#Hashtag: #nt2t

Moderator: Rotational Host

Based: USA

Date/Time: Saturday 2pm

 

Chat: EduTweetOz

#Hashtag: #edutweetoz

Moderator: Rotational Host

Based: Australia/New Zealand

Date/Time: Slow Chat – one question per day

 

Chat: Primary Rocks

#Hashtag: #primaryrocks

Moderator: @redgierob / @gazneedle

Based: UK

Date/Time: Monday 7pm-8pm UK Time

time fo dat

 

Still trying to track down:

 

Chat: Headteacher Chat

#Hashtag:

Moderator:

Based:

Date/Time:

 

Chat: Behaviour Chat

#Hashtag:

Moderator:

Based:

Date/Time:

#CupofTeaCPD Reference Point

I place this here for your attention and viewing pleasure!

Nine teachers who tweet – alot.

Artwork by Gaz Needle

Artwork by Gaz Needle

Thanks Gaz – I think this is great.

We need a statistical update for this based on experience and specialism.

The “Geek Teacher Squad”

Here to help you with your needs!

Cup of Tea CPD

Extrinsic Rewards Feel EPIC! by @gazneedle

My Twitter friend and colleague @gazneedle got here first – but I want to add my thoughts on his post:

Friendly Neighbourhood Teacher – Extrinsic Rewards Feel EPIC!

#CupofTeaCPD

I created that phrase and if I am honest, I am really quite pleased with it! It pops up now as a known #hashtag when I type it in. I did that.

As I have said before, back in April I didn’t ‘get’ Twitter, what it was, what it did, how it worked, none of it.

Now here I am, in September, nominated by my peers on Twitter via @Ukedchat as one of the Top 100 UK educators on the Social Media platform. How bonkers is that?!

Now, I am a realist.

In the big picture, it doesn’t mean a lot, but to me it is a really special moment. People who I don’t know, think what I have to say is useful and they like it enough to say something about it. I didn’t even know there were nominations or I would have made some!

So, like Gaz, I saw the notification on my Twitter feed and saw some friends getting excited: @gazneedle, @redgierob, @grahamandre, @bryngoodman so I followed it back to this tweet:

https://twitter.com/gazneedle/status/508296924659974145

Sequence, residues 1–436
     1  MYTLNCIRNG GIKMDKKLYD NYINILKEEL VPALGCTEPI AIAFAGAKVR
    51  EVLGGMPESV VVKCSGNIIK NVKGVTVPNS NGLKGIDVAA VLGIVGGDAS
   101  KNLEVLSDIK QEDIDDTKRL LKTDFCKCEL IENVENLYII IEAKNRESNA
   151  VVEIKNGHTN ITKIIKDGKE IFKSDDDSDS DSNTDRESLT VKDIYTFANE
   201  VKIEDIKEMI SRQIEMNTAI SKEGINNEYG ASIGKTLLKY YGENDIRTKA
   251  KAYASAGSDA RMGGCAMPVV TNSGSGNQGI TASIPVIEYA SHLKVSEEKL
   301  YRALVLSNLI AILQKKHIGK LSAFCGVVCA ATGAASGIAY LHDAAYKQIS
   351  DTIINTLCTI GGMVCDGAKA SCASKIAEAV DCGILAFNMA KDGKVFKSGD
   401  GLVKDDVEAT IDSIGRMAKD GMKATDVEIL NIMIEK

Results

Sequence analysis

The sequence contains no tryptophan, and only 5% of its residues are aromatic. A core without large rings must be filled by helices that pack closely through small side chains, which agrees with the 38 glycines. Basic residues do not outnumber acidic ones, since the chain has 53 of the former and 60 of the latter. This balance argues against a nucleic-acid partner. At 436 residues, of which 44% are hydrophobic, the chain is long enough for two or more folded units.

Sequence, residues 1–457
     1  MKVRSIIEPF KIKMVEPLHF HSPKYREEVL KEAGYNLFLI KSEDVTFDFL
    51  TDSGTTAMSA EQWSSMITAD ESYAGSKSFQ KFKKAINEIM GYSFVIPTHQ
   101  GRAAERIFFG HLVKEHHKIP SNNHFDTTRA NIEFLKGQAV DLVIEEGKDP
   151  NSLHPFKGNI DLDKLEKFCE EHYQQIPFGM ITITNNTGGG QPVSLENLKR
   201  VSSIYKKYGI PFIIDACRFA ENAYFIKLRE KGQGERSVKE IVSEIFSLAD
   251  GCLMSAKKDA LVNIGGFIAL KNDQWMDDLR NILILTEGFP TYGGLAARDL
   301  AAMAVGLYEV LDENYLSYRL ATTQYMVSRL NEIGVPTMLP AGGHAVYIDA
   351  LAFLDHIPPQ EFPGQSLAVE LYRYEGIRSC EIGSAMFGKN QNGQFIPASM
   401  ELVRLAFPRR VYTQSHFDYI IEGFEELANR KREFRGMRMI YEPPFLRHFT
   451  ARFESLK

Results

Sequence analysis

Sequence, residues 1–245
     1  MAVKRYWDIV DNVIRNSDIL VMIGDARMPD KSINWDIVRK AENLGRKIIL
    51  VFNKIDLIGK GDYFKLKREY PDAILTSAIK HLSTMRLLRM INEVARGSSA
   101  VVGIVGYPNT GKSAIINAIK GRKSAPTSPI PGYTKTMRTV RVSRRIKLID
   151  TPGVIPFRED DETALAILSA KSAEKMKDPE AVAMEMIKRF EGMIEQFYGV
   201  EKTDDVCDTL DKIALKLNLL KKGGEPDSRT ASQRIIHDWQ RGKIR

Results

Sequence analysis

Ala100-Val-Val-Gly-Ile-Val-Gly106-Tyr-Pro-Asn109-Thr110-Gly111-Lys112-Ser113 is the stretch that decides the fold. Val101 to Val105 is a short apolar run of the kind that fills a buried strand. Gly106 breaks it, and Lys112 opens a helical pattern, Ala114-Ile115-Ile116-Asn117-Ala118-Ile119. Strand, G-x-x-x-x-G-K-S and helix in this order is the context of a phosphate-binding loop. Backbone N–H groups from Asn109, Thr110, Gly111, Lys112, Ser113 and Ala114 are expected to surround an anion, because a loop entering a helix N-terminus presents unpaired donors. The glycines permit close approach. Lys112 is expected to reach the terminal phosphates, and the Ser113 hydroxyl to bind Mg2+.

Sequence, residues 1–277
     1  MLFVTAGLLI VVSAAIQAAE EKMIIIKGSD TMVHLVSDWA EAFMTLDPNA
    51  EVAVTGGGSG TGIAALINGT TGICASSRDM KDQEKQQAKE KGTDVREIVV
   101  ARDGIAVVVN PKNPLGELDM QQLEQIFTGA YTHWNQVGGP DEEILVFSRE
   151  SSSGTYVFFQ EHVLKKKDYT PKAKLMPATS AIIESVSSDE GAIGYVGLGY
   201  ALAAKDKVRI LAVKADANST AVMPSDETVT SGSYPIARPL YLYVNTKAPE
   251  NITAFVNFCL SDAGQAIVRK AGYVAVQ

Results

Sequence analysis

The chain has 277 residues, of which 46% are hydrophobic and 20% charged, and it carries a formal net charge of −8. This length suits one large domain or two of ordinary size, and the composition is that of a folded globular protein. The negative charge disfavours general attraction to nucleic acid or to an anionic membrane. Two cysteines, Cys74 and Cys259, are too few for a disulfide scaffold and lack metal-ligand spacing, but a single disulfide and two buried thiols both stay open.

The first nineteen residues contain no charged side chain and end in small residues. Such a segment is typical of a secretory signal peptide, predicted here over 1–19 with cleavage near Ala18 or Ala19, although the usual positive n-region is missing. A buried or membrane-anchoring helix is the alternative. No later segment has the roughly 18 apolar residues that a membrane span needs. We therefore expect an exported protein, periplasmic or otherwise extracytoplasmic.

And there we all were sitting proudly on #Ukedchat Magazine’s pages.

You get a badge and everything!

I was quick to add it to my page, because I want to see it! I told my wife who smiled and said “Well done!” (She doesn’t do social media and thinks I am wasting time!)

I now have a badge, and a link and I feel incredibly proud.

I have just over 700 followers and think, like Gaz, if this is how a 36 year old man feels, about being told he can share a little gif file, how important is it that we reward the children we teach?

We all, as human beings, like to be made to feel special, valued or important. It is why headteachers walk into classrooms and make a positive comment – it makes us more productive people.

It isn’t about the big things, it’s the little comments that make them proud, send them home with a smile or make their parents realise that their little person has done something special – those things count.

I feel rather like the jolly geezer in my opening animation – I suspect that I might be overselling it, but I feel good and I want people to know that!

To whoever voted for me – thank you, that minute spent has made me a very happy tweeter.

Maybe there is something to this Twitter thing – I think it might just catch on!

Your Friendly Neighbourhood Teacher

Baby Smile Should I be this happy?

It took me until I was 18 and in university to realise that I had to ask if I didn‚Äôt know what someone was talking about so I have grown to not¬†feel ashamed to ask ‚Äėstupid‚Äô questions or admit that I am ignorant on a topic. ¬†This blog isn‚Äôt about the merits of extrinsic rewards in the classroom as I haven‚Äôt read in depth any research about it, but it‚Äôs about today‚Äôs experience.

As I was twittering with the telly on in the background, I saw that @ukedchat had published a list of the UK Ed Chat community’s favourite UK educational tweeters. 

I scoured the list for anyone I knew and was delighted to see @bryngoodman on there (it was alphabetical order) so I tweeted him that he was on there. I was genuinely pleased that a nice chap like Bryn, who freely shares…

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My 10 Book Challenge…

So, thanks to Bryn Goodman (@bryngoodman) I have been nominated to list 10 books that have meaning or significance to me.

Here goes (in no particular order):

10¬†Michael Rosen’s ‘Sad Book’

A more poignant and beautiful piece of writing about something so tragic I don’t think you’ll find. It is wonderful to behold.

 

9 The Terbulent Term of Tyke Tiler РGene Kemp

I remember this from Primary School, the style is unusual, the plot is easy to identify with if you were at secondary school in the 70s and 80s. Tyke’s character is so well developed from the very beginning to very end.